Reprinted from yesterday's late editions

Shirley Davis does not look like your stereotypical crusader. She is middle-aged, slightly plump, has red hair the color of Lucille Ball's, penciled-in eyebrows and tends toward soft beige skirts, flowered blouses and pink nail polish.

She didn't start out to be a crusader when she came up from Monroe, La., to Washington four years ago. She had been recruited by former Louisiana rep. Otto Passman to work with what she thought was the promise of becoming his administrative assistant.

Six months later, however, Passman dismissed her with a letter that said in so many words that Capitol Hill was a man's world.

"On account of the unusually heavy workload . . ." wrote Passman, "I concluded that it was essential that the understudy to my administrative assistant be a man. I believe that you will agree with this conclusion."

Davis, however, didn't agree. Instead she filed suit against Passman, charging sex bias in his employment practices. She is seeking $10,000 in damages.

Monday night 70 or so supporters rallied to her cause at $10 a head at a party sponsored by the Capitol Hill Women's Political Caucus. The Childe Harold donated the facilities and the group Off Balance provided the music.Davis appeared a little flustered over all this excitement about her.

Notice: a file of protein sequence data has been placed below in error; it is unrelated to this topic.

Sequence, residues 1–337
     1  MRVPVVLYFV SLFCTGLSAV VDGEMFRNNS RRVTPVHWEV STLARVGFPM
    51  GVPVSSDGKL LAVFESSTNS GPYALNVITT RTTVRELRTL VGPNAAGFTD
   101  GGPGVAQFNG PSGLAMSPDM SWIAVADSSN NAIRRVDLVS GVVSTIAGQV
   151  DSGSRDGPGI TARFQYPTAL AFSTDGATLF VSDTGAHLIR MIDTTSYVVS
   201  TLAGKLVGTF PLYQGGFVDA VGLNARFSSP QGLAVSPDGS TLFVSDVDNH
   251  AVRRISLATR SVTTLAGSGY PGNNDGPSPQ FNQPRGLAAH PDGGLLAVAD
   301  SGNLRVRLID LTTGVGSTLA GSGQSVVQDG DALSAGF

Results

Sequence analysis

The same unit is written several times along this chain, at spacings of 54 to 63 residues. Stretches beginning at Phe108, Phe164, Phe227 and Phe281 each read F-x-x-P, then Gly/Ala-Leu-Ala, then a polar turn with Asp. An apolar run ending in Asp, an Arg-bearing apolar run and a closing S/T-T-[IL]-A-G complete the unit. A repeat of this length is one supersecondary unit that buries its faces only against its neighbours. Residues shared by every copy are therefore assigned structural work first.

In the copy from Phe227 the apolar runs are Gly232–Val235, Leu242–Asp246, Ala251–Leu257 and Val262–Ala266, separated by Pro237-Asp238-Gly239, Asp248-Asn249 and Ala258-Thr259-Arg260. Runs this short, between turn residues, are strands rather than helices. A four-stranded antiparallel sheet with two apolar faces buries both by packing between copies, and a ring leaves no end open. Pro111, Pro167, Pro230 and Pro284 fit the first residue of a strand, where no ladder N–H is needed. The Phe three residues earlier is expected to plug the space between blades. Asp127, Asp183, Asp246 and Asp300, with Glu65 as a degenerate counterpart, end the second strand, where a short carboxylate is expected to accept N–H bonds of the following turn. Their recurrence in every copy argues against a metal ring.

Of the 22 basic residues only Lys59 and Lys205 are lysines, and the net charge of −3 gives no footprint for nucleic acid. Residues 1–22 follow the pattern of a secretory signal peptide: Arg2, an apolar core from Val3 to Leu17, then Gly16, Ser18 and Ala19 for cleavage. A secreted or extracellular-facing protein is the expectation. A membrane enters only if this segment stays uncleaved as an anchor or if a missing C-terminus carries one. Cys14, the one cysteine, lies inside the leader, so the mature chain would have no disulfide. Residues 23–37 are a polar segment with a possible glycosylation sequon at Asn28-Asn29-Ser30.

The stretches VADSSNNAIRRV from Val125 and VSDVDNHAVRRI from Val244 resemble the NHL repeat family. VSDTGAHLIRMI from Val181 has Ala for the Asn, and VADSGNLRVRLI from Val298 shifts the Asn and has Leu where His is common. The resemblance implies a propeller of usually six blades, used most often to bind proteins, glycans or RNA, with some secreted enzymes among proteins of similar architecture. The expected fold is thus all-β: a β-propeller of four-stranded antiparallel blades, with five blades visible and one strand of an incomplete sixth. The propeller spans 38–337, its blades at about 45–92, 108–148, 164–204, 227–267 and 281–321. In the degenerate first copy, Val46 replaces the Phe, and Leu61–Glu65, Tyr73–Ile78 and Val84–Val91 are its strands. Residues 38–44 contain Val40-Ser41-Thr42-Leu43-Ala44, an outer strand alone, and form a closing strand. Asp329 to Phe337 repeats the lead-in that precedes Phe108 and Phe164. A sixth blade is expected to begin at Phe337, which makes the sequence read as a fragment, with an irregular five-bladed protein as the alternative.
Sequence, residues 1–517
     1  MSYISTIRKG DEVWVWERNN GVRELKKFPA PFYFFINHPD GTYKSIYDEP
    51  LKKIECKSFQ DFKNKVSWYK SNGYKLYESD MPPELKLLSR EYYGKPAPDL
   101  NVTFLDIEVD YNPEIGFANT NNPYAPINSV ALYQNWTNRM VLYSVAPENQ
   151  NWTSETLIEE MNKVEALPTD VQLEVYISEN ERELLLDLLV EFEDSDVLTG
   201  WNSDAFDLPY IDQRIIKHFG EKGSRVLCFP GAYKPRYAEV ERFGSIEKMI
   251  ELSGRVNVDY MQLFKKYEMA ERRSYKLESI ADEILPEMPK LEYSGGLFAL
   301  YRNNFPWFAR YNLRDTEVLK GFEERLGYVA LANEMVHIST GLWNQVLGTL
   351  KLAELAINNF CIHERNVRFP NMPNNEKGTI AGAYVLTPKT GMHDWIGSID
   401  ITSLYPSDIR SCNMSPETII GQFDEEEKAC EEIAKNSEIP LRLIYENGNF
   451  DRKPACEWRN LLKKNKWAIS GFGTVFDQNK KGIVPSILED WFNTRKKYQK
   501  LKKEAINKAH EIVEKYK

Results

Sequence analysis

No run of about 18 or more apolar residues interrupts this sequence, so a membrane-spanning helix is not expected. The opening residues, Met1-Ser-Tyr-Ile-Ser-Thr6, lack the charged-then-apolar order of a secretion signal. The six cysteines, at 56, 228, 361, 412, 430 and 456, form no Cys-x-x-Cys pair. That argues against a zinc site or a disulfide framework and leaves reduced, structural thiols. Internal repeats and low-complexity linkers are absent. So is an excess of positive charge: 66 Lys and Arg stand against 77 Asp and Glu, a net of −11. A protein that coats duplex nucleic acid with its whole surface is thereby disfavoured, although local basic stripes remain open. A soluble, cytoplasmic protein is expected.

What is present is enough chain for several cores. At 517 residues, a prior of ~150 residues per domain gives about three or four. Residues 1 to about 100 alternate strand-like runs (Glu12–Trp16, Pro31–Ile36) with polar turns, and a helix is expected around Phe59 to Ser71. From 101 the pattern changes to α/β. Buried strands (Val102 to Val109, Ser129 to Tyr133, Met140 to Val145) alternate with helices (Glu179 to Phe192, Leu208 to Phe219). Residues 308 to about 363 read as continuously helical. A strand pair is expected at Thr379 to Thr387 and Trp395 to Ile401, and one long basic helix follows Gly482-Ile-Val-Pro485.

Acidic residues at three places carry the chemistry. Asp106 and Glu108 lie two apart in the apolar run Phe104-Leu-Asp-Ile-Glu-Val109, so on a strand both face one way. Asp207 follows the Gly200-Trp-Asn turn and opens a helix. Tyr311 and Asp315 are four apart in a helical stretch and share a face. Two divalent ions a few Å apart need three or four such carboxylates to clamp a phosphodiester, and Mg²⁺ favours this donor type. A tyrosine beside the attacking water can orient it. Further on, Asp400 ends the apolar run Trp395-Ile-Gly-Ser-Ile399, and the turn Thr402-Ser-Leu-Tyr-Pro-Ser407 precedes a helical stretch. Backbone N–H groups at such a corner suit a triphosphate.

"I'm not used to all this support," she said said, "but I love it." Since Passman's letter, she said, she has lived in Monroe even though she was unable to get a job until a few months ago. She has used loans from friends and grants to study hospital administration at Northeastern Louisiana State University.

"I didn't do this, said Davis, "because I thought Passman was a chauvinist. In fact I don't know that I think he is. I just think I was unjustly fired. At first I was shocked. And then humiliation set in. Monroe is a small town and it was well publicized that I was coming up here to work for him. When I wasn't anymore - well, how much pride can you take in having everybody in town know you've been fired?"

Members of Congress are exempt from the Civil Rights Act.

"If it were anybody but someone on the Hill," said Rep. Pat Schroeder (D-Col.), who dropped in Monday night, "and they said, 'We're sorry you're fired because you're not a man' it just wouldn't work. Shirley's is just flat out discrimination."

Olga Grkavac, legislative assistant to Edward Markey (D-Mass.) and chairman of the Capitol Hill Women's Political Caucus, said she had no problem in her offfice but it took her the first 18 months of a now six-year Capitol Hill career to "realize in terms of rights, women on the Hill had none . . ."